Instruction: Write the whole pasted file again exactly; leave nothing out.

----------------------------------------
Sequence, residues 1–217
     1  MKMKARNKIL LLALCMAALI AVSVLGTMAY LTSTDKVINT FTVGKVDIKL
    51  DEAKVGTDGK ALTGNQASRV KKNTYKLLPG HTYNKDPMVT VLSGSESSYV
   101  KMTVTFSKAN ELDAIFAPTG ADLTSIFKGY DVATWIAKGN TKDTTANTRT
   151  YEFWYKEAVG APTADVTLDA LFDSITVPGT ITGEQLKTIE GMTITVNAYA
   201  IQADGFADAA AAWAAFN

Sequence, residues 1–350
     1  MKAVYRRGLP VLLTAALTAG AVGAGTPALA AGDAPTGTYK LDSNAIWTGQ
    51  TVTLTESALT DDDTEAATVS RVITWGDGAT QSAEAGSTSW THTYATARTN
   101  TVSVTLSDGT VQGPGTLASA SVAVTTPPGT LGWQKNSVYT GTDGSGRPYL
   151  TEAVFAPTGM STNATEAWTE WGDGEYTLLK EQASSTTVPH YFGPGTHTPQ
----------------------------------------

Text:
Sequence, residues 1–217
     1  MKMKARNKIL LLALCMAALI AVSVLGTMAY LTSTDKVINT FTVGKVDIKL
    51  DEAKVGTDGK ALTGNQASRV KKNTYKLLPG HTYNKDPMVT VLSGSESSYV
   101  KMTVTFSKAN ELDAIFAPTG ADLTSIFKGY DVATWIAKGN TKDTTANTRT
   151  YEFWYKEAVG APTADVTLDA LFDSITVPGT ITGEQLKTIE GMTITVNAYA
   201  IQADGFADAA AAWAAFN

Sequence, residues 1–350
     1  MKAVYRRGLP VLLTAALTAG AVGAGTPALA AGDAPTGTYK LDSNAIWTGQ
    51  TVTLTESALT DDDTEAATVS RVITWGDGAT QSAEAGSTSW THTYATARTN
   101  TVSVTLSDGT VQGPGTLASA SVAVTTPPGT LGWQKNSVYT GTDGSGRPYL
   151  TEAVFAPTGM STNATEAWTE WGDGEYTLLK EQASSTTVPH YFGPGTHTPQ